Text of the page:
With clues provided by Ms. Yoakum, one can confirm the presence of both the Keller and Cranston families at Fifth Avenue and Marshall, then known as 308 Fifth Avenue. The Henry C. Kellers resided at that address for over thirty years followed by the Joseph Cranston family and descendants for over fifty years, based on information found in Leavenworth City Directories and Federal census lists. The Kellers and Cranstons saw the Carroll Mansion house occupied by the Fosters, the Taylors, the Scotts and finally the Carrolls.

As early as 1860, Mr. and Mrs. George Keller, with sons, Henry C. Keller and Alfred B. and one servant resided in Leavenworth. George Keller was actually one of the founders of the town of Leavenworth in the spring of 1854. He built the Leavenworth Hotel, then the Mansion House at the corner of Fifth and Shawnee streets. Early on, he sold both. It was his granddaughter, Cora Leavenworth Kyle, who was the first born female child in Leavenworth, on December 6, 1854. When George retired in 1866, he farmed land he owned in Springdale, west of Leavenworth.

In the 1870 Federal Census, George’s son, Henry C. Keller was enumerated, being a Deputy District Clerk and married to Julia M. Marshall. Their daughters were Lena M. and Bessie. Julia’s mother also made her home with them and they were then neighbors of the Fosters! In 1880 their neighbors were the Taylors and in 1885, the Scotts, followed by the Carrolls in 1895.

By 1900, new residents of 308 Fifth Avenue became Joseph and Sadie Cranston and children William A., Edith, and Joseph A. Their young servant was Lena Somers. The dog was still standing in the yard and “came with the house.” The Cranston children soon adopted the dog as a member of the family. With their friends, they often played on the lawn and jumped on the back of their “pet” for a pretend ride.

Joseph Cranston was the chief of police and also the proprietor of the Old National Livery and Feed Stables at 320-22 Cherokee. The Edward Carroll residence up the street then included Edward and his second wife, Mary J., and children Frank, Edward Jr., Ella, Mary and Lucian. They had two servants. The Cranstons remained at 308 Fifth Avenue through the 1920 and 1930 census until 1959. In 1930 only Ella and her sister Mary Agnes resided at 334 Fifth Avenue.

Vincent T. and Ida M. Ingersoll resided at 308 Fifth Avenue from 1960 to 1969. The house then stood vacant for a few years before it became the property of Cushing Memorial Hospital.

Helen Yoakum added that “Mrs. Cordelia Wallace Story of Chillicothe, Ohio, granddaughter of the first owner, was a generous patron of the Leavenworth Museum.” Imagine, maintaining a family tie to the museum on Fifth Avenue that has spanned a century of time.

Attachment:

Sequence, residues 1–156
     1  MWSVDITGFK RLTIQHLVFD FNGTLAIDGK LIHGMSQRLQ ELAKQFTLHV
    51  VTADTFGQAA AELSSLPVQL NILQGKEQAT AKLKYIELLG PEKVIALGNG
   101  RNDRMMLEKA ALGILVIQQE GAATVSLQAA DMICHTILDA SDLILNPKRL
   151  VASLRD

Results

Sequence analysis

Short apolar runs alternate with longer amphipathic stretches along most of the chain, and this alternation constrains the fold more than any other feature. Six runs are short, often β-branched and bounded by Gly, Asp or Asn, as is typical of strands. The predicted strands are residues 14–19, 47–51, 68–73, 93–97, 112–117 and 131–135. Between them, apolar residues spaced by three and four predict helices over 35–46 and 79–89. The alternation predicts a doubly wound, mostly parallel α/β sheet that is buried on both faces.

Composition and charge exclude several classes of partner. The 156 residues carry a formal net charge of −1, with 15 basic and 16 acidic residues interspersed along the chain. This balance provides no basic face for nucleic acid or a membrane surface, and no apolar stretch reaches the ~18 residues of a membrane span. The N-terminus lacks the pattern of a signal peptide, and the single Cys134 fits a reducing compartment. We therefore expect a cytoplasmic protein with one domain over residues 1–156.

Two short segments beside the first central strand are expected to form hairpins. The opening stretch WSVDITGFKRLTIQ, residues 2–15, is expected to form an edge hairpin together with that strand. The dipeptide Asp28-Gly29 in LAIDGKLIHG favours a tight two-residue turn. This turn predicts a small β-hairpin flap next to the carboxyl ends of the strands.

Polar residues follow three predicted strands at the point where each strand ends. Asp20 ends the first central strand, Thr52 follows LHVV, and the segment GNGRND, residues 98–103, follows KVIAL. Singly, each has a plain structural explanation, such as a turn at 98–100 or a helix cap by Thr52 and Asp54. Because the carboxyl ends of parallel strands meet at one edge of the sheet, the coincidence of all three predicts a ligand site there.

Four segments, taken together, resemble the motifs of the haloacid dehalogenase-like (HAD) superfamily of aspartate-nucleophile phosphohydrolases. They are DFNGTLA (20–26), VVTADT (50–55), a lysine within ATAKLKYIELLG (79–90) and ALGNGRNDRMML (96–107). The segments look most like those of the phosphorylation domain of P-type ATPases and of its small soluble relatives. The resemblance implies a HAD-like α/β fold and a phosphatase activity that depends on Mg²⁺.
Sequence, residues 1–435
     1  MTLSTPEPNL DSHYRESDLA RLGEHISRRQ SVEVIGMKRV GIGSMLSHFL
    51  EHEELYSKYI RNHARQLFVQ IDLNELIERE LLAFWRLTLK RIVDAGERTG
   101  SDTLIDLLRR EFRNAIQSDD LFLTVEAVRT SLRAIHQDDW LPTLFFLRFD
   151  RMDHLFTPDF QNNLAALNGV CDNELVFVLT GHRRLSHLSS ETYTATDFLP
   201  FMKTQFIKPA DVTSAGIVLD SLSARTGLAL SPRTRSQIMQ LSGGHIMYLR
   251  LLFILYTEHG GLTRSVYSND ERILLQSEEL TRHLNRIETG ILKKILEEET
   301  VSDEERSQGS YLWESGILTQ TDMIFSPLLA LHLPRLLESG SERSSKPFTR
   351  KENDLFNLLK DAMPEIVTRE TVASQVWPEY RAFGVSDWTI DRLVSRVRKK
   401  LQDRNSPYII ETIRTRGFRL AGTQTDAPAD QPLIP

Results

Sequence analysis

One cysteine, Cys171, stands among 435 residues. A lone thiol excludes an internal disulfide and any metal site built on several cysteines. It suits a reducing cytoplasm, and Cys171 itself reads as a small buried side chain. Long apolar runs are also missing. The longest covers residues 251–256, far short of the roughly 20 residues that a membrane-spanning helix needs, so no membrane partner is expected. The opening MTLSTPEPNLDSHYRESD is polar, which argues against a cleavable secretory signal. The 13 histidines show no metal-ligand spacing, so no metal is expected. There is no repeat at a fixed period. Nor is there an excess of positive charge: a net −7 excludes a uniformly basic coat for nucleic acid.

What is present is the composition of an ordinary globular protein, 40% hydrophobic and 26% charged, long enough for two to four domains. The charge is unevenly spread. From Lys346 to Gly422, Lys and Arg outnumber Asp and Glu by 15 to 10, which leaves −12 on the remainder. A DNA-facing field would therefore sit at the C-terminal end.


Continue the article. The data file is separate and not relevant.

Over the years, efforts have been made to determine an actual history of the dog statue. Cordelia Story, society member, had corresponded with museum personnel and spoke of scrapbooks full of newspaper clippings about the family, but never offered a family version of the story. A granddaughter of Mrs. Story, herself an avid genealogy researcher, could not clarify any family history nor legends concerning the dog.

Stories about the dog have appeared often in more recent local news articles, over the years. Once, a couple, who had moved to Leavenworth from Monroe, Michigan, were flabbergasted when they saw the dog on the museum lawn, recalling that Monroe County Community College had the same statue. More shocking to them, however, was that there were several other dogs of the same design in Leavenworth! Actually, when Theel Manufacturing recast the dog back in 1975, several were made and sold.

Queries have been received at the museum about the sighting of this same dog statue throughout the United States, to include a near twin in the Paul Newman movie, “Slapshot” which was filmed in a small Pennsylvania town. Often, a similar piece of folklore went along with the statue and usually was an event where a dog saved someone’s life or the lives of residents of an entire town.   Recently, the drawing pictured here was discovered in an old Zinc Animals illustrated catalog, manufactured by J.W. Fiske Iron Works in New York. They weren’t the only manufacturers of this style of dog though. J. L. Mott of New York called their dog the “Firehouse Dog”, of an identical design.

Finally, in the late winter of 2012, descendants of Henry C. Keller visited the museum and related a family story of a dog saving a child in a runaway horse and buggy accident. Details were not known, since it was told by the grandfather to a child sitting on his knee during his growing up years, but it gives credence to the lore, long passed down through the years, that indeed, the statue was purchased as a memorial to a dog who gave its life in the protection of the family. The earlier mentioned Last story therefore is correct in its basic premise of the dog’s actions.

The Keller residence at 308 Fifth Avenue no longer exists and the location is now part of the parking lot for Cushing Memorial Hospital. But, the replica of the dog figure on the front lawn of the museum still stands as a lasting symbol of a romantic past of the Keller and Cranston families of Leavenworth and will continue to stand guard, despite the absence of its tail!

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2014 in review

The stats helper monkeys prepared a 2014 annual report for this blog.

Here’s an excerpt:

A San Francisco cable car holds 60 people. This blog was viewed about 2,600 times in 2014. If it were a cable car, it would take about 43 trips to carry that many people.